II. On the other hand, it cannot be said that Christianity regards with indifference this various, this chequered result.—But the Gospel, if it speaks truthfully—much more, if it speaks truly—does predict wrath, as well as promise mercy; it misleads, ignorantly or else intentionally, if there be not as really an eternal punishment as a life eternal. The Gospel is not in-different, though it be distinctly prescient, as to this believing and believing not.

III. When we strive to look below the surface, and to discover why one believes and another believes not; why that proof which is equal for all should convince one and fail with another; why it is that God’s rain and God’s sunshine fertilise this spot and leave that barren; why reason and conscience, mind and soul, equal (in two instances) in vigour and capacity, should view with different eyes the selfsame disclosure; we are in the midst, at once, of those indeed secret things which belong wholly to the Lord our God. And we must be willing, unless we should make shipwreck at once of faith and charity, to leave all judgment in His hands, Who, being the Lord of all, will assuredly do right.

IV. In the face of these unaccountable differences between man and man; some believing, and others (with advantages at least equal) believing not; we come, more and more as life advances, to rest, simply and trustingly, upon the declaration of Scripture, that faith itself is God’s gift, the work of His Spirit, and commonly the direct answer to persevering prayer. We presume not, we believe it to be at present impossible, to state or define to ourselves the logical coherence of the two fundamental doctrines of grace and responsibility.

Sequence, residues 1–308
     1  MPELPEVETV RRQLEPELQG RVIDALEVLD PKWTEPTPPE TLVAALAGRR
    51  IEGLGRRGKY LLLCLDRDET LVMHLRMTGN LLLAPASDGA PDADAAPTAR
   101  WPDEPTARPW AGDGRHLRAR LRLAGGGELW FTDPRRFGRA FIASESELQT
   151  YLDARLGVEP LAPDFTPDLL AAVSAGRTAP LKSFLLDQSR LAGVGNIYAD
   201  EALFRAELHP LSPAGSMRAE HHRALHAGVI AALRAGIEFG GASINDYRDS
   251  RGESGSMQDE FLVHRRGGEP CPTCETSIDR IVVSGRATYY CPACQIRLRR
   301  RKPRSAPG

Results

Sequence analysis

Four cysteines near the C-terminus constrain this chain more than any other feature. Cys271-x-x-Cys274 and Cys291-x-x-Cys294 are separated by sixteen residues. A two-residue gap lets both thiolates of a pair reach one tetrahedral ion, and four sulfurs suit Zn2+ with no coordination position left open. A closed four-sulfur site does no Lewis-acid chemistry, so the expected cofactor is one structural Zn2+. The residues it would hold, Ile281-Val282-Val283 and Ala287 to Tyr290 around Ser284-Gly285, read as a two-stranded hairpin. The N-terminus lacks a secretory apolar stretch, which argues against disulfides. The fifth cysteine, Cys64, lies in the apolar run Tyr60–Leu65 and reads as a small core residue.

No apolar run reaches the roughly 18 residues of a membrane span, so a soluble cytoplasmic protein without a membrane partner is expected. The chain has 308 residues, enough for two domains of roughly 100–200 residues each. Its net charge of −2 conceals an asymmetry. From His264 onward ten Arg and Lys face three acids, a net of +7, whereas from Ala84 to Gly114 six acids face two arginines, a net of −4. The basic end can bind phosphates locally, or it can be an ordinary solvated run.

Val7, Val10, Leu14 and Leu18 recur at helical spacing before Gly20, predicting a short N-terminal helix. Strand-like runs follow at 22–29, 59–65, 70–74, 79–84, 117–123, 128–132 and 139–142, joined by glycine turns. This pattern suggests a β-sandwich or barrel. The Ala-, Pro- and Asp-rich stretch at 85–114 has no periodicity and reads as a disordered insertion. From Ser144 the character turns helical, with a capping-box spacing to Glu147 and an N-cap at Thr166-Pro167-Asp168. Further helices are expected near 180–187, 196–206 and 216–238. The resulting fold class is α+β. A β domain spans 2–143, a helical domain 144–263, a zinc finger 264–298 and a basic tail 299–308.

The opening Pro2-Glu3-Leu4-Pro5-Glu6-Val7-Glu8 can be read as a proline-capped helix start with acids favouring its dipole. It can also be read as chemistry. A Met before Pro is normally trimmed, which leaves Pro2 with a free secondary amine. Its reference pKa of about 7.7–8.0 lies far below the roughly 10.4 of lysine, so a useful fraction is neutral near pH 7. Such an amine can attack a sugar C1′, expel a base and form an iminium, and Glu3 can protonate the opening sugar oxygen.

V. It must be plain to every one that, even among professed Christians, there are still believing men and unbelieving.—Therefore, it is still with us, as it was in the first days of the Gospel, an anxious, a fearful inquiry, Do we yet believe? If we do, we cannot sleep in indifference, we cannot rest in the world, we cannot live in sin. To believe is to see ourselves lost by nature and redeemed by the blood of Christ. To believe is to live no longer to ourselves, but to Him Who died for us and rose again. To believe is to declare plainly, by our whole spirit and conduct, that we are strangers and pilgrims on this earth, seeking a better country, that is, an heavenly. To believe is to have our affection set on things above, our very life hidden with Christ in God.

Dean C. J. Vaughan.

Verse 28


‘Be it known therefore unto you, that the salvation of God is sent unto the Gentiles, and that they will bear it.’

Acts 28:28

The Jews had exhausted St. Paul’s patience. He had reasoned with them; he had pleaded with them; but all to no purpose. They refused to accept the message he brought, and henceforth he turned to the Gentiles. The Jews had lost their opportunity; ‘the salvation of God’ was ‘sent unto the Gentiles.’ ‘They will hear it,’ said St. Paul. And we have heard it. The great question is, Have we accepted it?